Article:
The drive down south was uneventful and along the way we stopped off at a local golf course where Mark played 9 holes of golf for $10 and then went back to play the holes he liked a second time. The golf course itself was just a piece of land amongst some houses that anyone could walk onto. Their club guidelines were some of the most relaxed Mark had experienced.

We spent a relaxing few days in the southern most point of the USA. Cuba was just 90 miles away! Each day we would wake up, sit by the pool, walk around for a bit and then I would go and sit by the pool again to read usually while Mark went out to play more golf. On our last night in Key West we went to the boardwalk by the water to watch the sunset and were amazed at how many people were around. To top off the amazing sunset we bought homemade lemonade, pina coladas and guacamole from food stands and sat by the water to eat and drink as the sky got darker and the crowds thinned out.

We listened to buskers whilst watching the sunset.

On the drive back up north the next day we stopped by a wakeboard park where Mark spent half an hour on the water. When he got out his arms were killing him so I took over the driving. Our aim was to make it to our friend’s parent’s house in Naples, Florida. We arrived just in time for dinner and sat down to home cooked BBQ ribs, corn and coleslaw. Their plan was to give us a “typical American meal” and it was amazing! To further relax we spent 3 days in Naples just hanging out and also because Mark’s arms were still so sore he could barely move them and we thought long hours of driving probably wasn’t the best idea!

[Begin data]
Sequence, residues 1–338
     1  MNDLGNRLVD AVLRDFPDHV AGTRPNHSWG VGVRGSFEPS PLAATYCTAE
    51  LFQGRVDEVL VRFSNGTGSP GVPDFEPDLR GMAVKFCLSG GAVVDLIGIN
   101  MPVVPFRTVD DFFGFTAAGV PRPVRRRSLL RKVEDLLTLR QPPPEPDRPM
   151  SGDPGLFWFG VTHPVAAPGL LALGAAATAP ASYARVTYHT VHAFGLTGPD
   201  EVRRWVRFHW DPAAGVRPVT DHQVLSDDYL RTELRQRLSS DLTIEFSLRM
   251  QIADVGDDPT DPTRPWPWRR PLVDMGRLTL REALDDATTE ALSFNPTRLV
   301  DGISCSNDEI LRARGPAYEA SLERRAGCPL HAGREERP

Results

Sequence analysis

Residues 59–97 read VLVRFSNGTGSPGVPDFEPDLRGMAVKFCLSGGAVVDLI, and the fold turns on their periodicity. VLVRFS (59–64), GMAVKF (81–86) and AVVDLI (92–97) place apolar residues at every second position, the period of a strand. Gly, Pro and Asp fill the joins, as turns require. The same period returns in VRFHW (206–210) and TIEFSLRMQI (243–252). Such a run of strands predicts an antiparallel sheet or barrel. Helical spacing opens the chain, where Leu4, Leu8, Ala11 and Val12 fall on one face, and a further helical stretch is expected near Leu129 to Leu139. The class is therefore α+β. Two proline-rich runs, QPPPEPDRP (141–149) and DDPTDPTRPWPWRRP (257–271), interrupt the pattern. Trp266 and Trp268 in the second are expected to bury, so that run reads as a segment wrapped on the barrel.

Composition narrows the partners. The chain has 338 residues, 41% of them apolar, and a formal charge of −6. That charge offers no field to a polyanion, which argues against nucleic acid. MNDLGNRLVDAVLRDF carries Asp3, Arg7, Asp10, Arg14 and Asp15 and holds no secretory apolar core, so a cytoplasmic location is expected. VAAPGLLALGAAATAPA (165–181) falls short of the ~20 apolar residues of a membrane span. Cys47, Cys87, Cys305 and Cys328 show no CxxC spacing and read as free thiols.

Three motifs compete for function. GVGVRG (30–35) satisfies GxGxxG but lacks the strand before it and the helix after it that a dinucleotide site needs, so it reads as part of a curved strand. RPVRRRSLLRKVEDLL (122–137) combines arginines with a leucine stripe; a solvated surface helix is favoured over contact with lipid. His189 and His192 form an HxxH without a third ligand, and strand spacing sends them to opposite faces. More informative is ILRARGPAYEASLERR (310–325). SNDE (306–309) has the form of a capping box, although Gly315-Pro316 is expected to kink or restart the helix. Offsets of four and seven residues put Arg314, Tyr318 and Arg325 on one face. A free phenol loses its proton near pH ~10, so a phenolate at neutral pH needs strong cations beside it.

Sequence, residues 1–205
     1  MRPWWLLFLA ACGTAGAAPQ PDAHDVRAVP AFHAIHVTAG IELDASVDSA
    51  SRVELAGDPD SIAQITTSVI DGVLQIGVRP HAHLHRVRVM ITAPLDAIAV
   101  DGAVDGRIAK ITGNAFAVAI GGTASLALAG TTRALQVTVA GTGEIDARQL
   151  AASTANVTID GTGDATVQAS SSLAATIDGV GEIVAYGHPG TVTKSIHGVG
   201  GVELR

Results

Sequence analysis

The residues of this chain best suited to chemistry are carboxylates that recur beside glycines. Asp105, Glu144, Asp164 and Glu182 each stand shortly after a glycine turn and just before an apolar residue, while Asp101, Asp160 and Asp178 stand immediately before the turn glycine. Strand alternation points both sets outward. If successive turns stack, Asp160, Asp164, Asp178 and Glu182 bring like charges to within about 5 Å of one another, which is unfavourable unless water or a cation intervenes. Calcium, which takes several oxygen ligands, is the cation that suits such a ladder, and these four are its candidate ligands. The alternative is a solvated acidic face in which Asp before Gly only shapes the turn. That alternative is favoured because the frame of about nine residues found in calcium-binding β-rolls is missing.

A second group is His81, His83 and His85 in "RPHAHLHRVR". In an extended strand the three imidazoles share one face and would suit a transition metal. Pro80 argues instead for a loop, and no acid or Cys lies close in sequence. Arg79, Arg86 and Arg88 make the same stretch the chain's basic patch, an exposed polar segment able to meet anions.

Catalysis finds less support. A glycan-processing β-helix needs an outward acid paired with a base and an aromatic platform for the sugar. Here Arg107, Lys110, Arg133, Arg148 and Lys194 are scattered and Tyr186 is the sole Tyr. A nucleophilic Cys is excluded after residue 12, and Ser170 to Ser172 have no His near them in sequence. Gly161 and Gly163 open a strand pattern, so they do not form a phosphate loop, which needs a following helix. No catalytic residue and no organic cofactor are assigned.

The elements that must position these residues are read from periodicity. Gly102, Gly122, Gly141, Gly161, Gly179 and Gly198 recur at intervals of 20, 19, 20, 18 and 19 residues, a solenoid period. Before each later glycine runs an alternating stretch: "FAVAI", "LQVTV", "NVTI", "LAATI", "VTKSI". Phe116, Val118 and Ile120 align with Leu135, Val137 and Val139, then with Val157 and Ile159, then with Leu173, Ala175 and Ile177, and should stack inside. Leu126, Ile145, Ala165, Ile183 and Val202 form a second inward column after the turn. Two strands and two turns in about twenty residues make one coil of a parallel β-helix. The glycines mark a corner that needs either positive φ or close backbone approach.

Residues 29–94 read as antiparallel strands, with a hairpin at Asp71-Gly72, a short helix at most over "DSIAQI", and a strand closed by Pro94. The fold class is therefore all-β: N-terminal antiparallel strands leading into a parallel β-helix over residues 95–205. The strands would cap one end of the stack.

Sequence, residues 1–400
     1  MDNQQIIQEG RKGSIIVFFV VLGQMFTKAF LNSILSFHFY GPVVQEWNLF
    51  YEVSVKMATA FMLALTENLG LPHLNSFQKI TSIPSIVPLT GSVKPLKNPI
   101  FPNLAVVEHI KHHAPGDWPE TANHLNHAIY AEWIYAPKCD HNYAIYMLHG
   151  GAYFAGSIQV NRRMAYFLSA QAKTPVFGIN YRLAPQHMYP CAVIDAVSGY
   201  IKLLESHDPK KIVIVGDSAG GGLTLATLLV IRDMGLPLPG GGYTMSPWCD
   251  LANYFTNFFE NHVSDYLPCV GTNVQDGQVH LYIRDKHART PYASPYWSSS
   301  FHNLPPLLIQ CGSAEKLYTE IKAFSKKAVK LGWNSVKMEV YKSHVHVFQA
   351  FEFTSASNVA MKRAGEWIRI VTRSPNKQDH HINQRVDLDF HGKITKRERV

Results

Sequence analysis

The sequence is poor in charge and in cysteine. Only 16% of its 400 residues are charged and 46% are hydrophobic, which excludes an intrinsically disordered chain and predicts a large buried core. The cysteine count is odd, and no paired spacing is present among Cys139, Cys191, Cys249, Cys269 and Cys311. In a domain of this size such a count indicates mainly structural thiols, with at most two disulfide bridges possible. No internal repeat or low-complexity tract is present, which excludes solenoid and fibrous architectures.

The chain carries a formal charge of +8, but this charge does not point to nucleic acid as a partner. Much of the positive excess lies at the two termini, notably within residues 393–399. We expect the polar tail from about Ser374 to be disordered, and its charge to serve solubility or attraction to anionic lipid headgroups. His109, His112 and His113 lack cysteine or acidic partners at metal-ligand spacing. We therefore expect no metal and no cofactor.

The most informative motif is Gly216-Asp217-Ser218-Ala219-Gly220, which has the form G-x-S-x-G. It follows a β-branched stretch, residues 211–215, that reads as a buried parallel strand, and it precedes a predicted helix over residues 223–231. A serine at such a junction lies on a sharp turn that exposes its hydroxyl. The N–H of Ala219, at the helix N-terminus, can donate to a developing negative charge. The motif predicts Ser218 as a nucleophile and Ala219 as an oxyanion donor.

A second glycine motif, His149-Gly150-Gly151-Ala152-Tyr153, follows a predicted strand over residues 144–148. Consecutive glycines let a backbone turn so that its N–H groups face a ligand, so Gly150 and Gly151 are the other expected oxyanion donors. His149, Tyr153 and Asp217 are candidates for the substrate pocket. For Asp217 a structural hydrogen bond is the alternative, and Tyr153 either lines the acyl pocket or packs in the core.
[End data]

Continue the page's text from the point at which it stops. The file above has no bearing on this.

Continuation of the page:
You’re joking right?

After spending a few days in cities we were looking forward to getting out to the Great Smoky Mountains. The mountain range there is something else. the huge contrast between the cities and nature was amazing and we really enjoyed just driving through, admiring the scenery and breathing in the fresh air. We did spend a day hiking and through the first part of the hike we were talking and laughing, trying to make as much noise as possible to scare away any bears that may be nearby. It started to rain towards the half way point and didn’t seem like it was going to stop. On the way back it was a lot harder to talk as we were hiking on an incline most of the time. So because I was unable to talk as much while walking up hill we clapped a lot. At the beginning Mark was doing most of the clapping but then I took over. It was probably a good 15 minutes of solid clapping before Mark turned around and said “You know you probably only have to clap as we are approaching corners or coming up to blind spots in the path” ohhh thanks for that late bit of information. Definitely could have saved my solid clapping skills instead of wasting them on a solid 15 minute performance. The hike became more difficult because of the amount of rain that had come down as there was big puddles of mud, and any rocks we had to walk over had become slick with rain. I started to get excited once the rain stopped and I noticed we were getting close to the end without seeing a bear. Pretty sure it was all thanks to my brilliant clapping.

Chilling out, waiting for the rain to stop.